When sperm counts have halved in Australian men – we have an issue2019-05-06T11:38:05+00:00

When sperm counts have halved in Australian men – we have an issue

Sperm counts have halved in Australian men over the last 30 years says Amie Skilton.

A sperm count morphology where 4% of the sperm are considered healthy is now a good result and knowing it’s the health of the sperm which drives the health of the pregnancy and the placenta Ms Skilton says male fertility is an increasingly important health issue.

Ms Skilton will present Genetic Polymorphisms and Male Fertility at this year’s ACNEM Conference.

Ms Skilton knows fertility and health are inextricably linked.

“The very essence of fertility gives a strong indication of the cellular health of the individual and sperm health in men has the potential to reveal system-wide issues in the person such as nutritional deficiencies, immunological challenges, unhealthy environmental influences and oxidative stress,” she said.

Ms Skilton said underpinning all the usual factors affecting male fertility lies an individual’s SNPs, or single nucleotide polymorphisms.

“Identifying a prospective father’s SNPs offers an opportunity to optimise preconception recommendations and interventions and improve fertility outcomes.

 “Sperm are vulnerable to oxidative stress and there are many causes of oxidative stress from our western lifestyle. Dietary factors are significant influences on sperm health and so is the amount of alcohol consumed and the general health of the male,” she said.

Male fertility a major issue

Ms Skilton said she sees a lot of patients with infertility problems and many people aren’t aware the standard Aussie diet doesn’t help the overall health of the average male and add to this the fact men continue to drink alcohol when they’re trying to have a baby.

“The hubby might need a bit more encouragement not to drink those beers if he and his partner are trying to have a baby,” she said.

“There’s a lot of evidence showing us that alcohol affects the sperm up to four months prior to conception and foetal alcohol syndrome can be noted in the foetus.”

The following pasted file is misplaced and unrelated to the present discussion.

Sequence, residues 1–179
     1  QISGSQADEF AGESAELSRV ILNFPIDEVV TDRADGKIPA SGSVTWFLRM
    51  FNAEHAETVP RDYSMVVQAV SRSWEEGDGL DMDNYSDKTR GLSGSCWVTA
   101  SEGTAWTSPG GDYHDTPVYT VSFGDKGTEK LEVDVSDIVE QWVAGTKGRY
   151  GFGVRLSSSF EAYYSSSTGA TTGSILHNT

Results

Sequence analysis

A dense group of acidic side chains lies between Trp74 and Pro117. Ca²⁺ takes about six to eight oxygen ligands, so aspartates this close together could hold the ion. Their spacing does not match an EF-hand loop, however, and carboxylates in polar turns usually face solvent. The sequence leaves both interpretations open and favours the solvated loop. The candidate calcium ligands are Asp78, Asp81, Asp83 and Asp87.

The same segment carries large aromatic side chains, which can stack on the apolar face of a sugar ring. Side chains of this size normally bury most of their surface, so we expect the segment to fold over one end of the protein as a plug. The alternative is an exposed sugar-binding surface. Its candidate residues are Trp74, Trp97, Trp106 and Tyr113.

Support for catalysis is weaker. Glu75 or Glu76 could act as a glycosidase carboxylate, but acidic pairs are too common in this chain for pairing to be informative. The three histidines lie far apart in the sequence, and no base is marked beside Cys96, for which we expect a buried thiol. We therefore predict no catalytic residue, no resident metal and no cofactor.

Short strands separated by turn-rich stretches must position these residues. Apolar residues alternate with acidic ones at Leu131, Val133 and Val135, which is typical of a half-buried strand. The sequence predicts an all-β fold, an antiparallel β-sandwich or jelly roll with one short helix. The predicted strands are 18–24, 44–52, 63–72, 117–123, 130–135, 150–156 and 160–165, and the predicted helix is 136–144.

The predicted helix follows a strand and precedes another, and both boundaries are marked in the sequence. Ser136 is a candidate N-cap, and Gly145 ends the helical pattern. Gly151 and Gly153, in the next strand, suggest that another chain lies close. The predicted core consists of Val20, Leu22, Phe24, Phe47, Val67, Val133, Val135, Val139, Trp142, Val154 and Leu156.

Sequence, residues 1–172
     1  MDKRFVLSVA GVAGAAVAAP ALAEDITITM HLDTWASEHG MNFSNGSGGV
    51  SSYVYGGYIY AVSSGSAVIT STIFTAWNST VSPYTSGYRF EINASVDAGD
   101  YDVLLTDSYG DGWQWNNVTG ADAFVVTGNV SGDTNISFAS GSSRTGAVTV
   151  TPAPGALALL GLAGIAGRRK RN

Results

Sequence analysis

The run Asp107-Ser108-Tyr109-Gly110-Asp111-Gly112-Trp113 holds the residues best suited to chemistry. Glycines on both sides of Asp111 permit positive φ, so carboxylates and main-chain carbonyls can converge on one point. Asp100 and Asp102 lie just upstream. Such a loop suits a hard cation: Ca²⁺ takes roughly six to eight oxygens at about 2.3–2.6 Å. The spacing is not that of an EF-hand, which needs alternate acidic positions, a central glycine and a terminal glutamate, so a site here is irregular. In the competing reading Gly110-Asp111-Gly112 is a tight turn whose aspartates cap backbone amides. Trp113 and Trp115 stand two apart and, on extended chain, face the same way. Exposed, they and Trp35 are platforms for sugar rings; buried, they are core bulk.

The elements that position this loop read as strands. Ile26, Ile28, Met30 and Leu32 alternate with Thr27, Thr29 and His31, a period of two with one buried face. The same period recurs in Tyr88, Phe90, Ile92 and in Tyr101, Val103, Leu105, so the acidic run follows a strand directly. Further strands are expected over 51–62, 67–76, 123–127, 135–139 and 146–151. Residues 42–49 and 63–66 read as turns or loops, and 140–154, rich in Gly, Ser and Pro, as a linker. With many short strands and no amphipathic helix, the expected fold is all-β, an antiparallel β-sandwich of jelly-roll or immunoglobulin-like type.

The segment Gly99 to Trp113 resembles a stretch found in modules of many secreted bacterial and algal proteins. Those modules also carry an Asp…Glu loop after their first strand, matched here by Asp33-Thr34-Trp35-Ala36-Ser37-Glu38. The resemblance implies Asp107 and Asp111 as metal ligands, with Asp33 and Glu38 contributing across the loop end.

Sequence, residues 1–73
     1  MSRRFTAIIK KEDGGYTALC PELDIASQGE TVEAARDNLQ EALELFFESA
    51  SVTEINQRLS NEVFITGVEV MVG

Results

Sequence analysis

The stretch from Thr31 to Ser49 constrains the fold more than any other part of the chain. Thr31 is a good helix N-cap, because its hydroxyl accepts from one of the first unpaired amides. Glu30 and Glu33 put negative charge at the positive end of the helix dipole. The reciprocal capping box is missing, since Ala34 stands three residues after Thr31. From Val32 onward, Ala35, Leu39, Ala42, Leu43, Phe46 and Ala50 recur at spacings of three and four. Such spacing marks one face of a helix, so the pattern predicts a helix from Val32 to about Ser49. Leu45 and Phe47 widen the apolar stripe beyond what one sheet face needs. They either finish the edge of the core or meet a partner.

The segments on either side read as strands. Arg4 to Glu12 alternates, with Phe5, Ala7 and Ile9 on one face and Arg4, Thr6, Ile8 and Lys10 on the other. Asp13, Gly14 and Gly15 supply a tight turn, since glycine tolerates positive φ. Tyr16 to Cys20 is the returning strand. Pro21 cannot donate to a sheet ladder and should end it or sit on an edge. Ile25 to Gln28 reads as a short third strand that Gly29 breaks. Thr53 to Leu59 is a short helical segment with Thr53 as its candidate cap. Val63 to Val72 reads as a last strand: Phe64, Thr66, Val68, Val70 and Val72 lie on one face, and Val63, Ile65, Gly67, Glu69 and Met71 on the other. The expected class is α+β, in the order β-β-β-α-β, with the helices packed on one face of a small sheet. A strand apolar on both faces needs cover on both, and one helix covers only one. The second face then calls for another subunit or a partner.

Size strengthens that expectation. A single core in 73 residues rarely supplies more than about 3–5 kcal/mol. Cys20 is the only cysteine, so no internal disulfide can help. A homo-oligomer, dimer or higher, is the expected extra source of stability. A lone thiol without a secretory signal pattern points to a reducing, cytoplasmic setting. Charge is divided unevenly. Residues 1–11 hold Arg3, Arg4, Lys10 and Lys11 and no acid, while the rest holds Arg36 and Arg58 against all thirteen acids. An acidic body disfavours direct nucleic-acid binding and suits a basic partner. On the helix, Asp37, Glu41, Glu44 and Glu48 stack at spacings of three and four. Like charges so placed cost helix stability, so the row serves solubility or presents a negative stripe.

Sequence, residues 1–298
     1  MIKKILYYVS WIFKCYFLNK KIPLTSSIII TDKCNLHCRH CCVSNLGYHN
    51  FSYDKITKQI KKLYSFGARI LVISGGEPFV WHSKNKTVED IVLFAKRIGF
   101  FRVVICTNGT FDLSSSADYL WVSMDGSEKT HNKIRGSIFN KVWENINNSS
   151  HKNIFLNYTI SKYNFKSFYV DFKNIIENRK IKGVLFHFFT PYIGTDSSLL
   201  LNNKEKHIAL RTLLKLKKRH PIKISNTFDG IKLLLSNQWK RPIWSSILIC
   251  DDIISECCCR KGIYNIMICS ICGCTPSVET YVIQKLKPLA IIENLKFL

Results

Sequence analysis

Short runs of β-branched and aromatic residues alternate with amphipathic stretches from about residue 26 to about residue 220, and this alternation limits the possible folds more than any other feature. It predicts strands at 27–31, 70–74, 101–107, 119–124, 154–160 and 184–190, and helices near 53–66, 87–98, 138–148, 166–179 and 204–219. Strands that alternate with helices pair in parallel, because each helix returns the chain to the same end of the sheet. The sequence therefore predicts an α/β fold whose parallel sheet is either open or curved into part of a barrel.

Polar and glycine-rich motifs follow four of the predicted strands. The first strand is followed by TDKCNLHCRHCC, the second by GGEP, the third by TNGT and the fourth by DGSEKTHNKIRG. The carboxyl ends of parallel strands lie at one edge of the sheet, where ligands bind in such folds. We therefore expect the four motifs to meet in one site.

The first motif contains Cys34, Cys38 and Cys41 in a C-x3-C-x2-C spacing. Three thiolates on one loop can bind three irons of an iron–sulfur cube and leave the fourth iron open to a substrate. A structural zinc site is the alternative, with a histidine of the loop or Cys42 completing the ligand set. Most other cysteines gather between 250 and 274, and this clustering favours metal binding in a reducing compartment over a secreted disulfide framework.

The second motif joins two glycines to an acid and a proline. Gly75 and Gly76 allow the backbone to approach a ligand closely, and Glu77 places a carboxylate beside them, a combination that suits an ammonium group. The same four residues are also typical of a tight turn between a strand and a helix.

Ms Skilton said for 120 days of the four months leading up to ovulation and ejaculation – and ultimately conception – men need to really step up and take care of themselves as it will affect their sperm. She adds our current lifestyle doesn’t help with “guys wearing their smart phone on their hips.”

“The earlier men start looking at their health and their sperm count, the better,” she said.

“I like to get couples six months prior to starting to try for a baby so we can start them detoxing. The woman may have been on the pill for 10 or 15 years and we need six months, or four months as a bare minimum, to get her hormones working again as they should be.”

Scaremongering about fertility in women leads to IVF

Ms Skilton said scare mongering regarding female fertility is rife.

“You see stories saying women from 35 to 40 years old won’t be fertile and they’re ovaries are in the toilet. Then everyone gets fairly indoctrinated into IVF as they look at the success rate. But I would love to see IVF clinics doing what we’re doing, putting couples on a 4-6 month detox program and allowing their natural fertility and health to get back on track.”

“Even if you can force a pregnancy, you’re overriding nature’s safety valve,” she said.
“I think it’s medically not right and it can create future problems. We need to see a more integrative approach incorporating the latest developments in the area of fertility and health.”

Fertility and health are linked

Ms Skilton pointed out fertility problems and overall health go hand in hand.

“If you have a sperm problem you need to look wider. There are genetic dispositions – for example, if you have the MTHFR SNP – which indicates our ability to detoxify – then you’ll need to get some help detoxing and methylating. If you don’t do this, you’re much more likely to have a child with cognitive or learning difficulties.”

Ms Skilton said it’s crucial to work on the fertility of both parties male and female.

“Sometimes patients start doing all the right things and everything falls into place and at other times its necessary to look deeper and see what else is happening with the patient’s lifestyle.”

Amie Skilton will present at the 2019 ACNEM Conference on Saturday 25th at 12.30pm titled: Genetic Polymorphisms in Male Infertility.

This presentation forms part of a CPD points offer with the RACGP. As such, ACNEM is supplying delegates with some pre-reading including: ‘Oxidative stress and male infertility—a clinical perspective’ which can be accessed here: https://academic.oup.com/humupd/article/14/3/243/683505

Ms Skilton has a Diploma in Botanical Medicine, an Advanced Diploma in Naturopathy and a BHSc in Complementary Medicine. She has been in clinical practice for more than 18 years and has worked concurrently for BioCeuticals.